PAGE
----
Dashefsky is currently director of the North American Jewish Data Bank.One of Dashefsky's key theses is that Jewish identity is taken for granted in populations, such as Israel where Jews make up a majority of the population. Furthermore, he has asserted that the number of Jews in the United States is roughly the same as the number of Jews in Israel. Hence, he feels that Jewish identity should be no less strong in either nation.

Birthright Israel

Taglit-Birthright Israel (Hebrew: תגלית‎), also known as Birthright Israel or simply Birthright, is a not-for-profit educational organization that sponsors free ten-day heritage trips to Israel for young adults of Jewish heritage, aged 18–32.Taglit is the Hebrew word for discovery. During their trip, participants, most of whom are visiting Israel for the first time, are encouraged to discover new meaning in their personal Jewish identity and connection to Jewish history and culture.Since trips began in the winter of 1999, more than 600,000 young people from 67 countries have participated in the program. About 80% of participants are from the United States and Canada. The number of participants has not grown beyond 40,000 a year due to budgetary constraints.

Gilad Atzmon

Gilad Atzmon (Hebrew: גלעד עצמון; born 9 June 1963) is a British jazz saxophonist, novelist, political activist and writer, originally from Israel.Atzmon's album Exile was BBC jazz album of the year in 2003. Playing over 100 dates a year, he has been called "surely the hardest-gigging man in British jazz." His albums, of which he has recorded 15 as of 2016, often explore the music of the Middle East and political themes. He has described himself as a "devoted political artist."Atzmon has written novels, journalistic pieces for such publications as CounterPunch, Uruknet, The Palestine Telegraph, and polemical works on Jewish identity. His criticisms of Zionism, Jewish identity, and Judaism, as well as his controversial views on Holocaust denial and Jewish history, have led to allegations of antisemitism and racism from both Zionists and some leading anti-Zionists.

Haviv Rettig Gur

Haviv Rettig Gur (Hebrew: חביב רטיג גור‎) (b. April 4, 1981) is an Israeli journalist who serves as the political correspondent and analyst for The Times of Israel.

Holocaust tourism

The Holocaust tourism is a term used by the media in relation to round-trip travel to destinations connected with the extermination of Jews during the Holocaust in World War II, including visits to sites of Jewish martyrology such as former Nazi death camps and concentration camps turned into state museums. It belongs to a category of the so-called 'roots tourism' usually across parts of Central Europe, or more generally, the Western-style dark tourism to sites of death and disaster.The term Holocaust, first used in the late 1950s, was derived from the Greek word holokauston meaning a completely burnt offering to God. It has come to symbolize the systematic extermination of approximately six million European Jews by Nazi Germany in occupied territories from 1933 to 1945. The term can also be applied to mean the estimated five to seven million non-Jewish victims who were murdered by the Nazis in the same time period.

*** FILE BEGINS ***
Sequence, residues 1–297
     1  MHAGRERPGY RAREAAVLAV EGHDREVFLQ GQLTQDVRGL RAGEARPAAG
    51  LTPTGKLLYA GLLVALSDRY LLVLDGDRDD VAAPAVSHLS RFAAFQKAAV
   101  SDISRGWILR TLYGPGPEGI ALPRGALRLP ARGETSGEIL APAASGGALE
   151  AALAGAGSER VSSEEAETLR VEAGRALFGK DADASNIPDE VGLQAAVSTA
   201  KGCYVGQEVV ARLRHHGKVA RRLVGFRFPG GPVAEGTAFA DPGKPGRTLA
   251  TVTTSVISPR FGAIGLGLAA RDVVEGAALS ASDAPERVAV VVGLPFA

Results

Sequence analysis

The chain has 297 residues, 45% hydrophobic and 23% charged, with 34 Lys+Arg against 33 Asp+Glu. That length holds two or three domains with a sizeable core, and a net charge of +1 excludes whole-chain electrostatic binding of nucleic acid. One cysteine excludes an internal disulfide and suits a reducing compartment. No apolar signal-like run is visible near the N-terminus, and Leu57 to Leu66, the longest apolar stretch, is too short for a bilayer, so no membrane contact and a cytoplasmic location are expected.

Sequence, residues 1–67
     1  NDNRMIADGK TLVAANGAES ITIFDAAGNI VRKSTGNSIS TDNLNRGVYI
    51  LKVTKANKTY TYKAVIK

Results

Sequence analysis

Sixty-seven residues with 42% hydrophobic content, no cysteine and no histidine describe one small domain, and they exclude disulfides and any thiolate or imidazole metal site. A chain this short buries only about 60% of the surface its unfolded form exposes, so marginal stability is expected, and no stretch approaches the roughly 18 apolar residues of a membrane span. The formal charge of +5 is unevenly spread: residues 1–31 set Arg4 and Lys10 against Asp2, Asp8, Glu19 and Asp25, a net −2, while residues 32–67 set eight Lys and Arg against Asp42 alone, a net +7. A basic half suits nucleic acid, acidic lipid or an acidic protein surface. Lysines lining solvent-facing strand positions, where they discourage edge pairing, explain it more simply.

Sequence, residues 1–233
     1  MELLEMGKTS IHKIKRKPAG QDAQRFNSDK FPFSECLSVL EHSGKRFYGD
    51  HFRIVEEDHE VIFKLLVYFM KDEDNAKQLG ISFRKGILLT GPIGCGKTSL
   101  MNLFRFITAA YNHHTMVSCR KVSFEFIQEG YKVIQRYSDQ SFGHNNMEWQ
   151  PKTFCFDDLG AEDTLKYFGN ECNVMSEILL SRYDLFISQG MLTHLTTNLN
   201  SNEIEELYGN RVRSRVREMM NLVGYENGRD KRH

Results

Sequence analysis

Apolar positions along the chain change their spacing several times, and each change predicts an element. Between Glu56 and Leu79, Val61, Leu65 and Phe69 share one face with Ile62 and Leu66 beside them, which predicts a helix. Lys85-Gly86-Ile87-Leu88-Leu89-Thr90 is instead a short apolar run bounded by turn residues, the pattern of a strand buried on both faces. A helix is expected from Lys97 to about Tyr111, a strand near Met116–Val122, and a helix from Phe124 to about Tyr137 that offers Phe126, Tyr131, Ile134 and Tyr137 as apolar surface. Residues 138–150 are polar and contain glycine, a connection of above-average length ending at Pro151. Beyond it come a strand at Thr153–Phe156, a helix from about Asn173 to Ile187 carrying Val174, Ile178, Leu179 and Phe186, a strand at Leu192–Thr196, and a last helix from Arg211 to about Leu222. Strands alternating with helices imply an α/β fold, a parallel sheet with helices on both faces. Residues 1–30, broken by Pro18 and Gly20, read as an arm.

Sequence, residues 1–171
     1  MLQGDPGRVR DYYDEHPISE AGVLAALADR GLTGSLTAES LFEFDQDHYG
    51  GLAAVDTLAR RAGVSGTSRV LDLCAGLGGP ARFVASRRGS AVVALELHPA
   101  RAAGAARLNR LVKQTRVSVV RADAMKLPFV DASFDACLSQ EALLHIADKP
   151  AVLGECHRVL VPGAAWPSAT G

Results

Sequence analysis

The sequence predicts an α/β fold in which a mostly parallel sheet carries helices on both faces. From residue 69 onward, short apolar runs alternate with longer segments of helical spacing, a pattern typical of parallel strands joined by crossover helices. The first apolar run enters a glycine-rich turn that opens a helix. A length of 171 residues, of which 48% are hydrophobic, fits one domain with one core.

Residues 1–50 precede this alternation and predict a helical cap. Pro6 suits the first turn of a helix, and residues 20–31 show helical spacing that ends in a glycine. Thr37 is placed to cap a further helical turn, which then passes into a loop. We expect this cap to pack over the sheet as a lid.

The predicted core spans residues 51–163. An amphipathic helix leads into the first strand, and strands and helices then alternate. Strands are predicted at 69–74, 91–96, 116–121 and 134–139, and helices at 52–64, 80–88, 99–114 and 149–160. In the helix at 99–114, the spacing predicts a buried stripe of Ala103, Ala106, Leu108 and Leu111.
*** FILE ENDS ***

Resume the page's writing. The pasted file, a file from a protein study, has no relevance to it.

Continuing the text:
Humanistic Judaism

Humanistic Judaism (Hebrew: יהדות הומניסטית Yahadut Humanistit) is a Jewish movement that offers a nontheistic alternative in contemporary Jewish life. It defines Judaism as the cultural and historical experience of the Jewish people and encourages humanistic and secular Jews to celebrate their Jewish identity by participating in Jewish holidays and lifecycle events (such as weddings and bar and bat mitzvahs) with inspirational ceremonies that draw upon but go beyond traditional literature. Its philosophical foundation includes the following ideas:

A Jew is someone who identifies with the history, culture, and future of the Jewish people;

Judaism is the historic culture of the Jewish people, and religion is only one part of that culture;

Jewish identity is best preserved in a free, pluralistic environment;

People possess the power and responsibility to shape their own lives independent of supernatural authority;

Ethics and morality should serve human needs, and choices should be based upon consideration of the consequences of actions rather than pre-ordained rules or commandments;

Jewish history, like all history, is a human saga, a testament to the significance of human power and human responsibility. Biblical and other traditional texts are the products of human activity and are best understood through archaeology and other scientific analysis.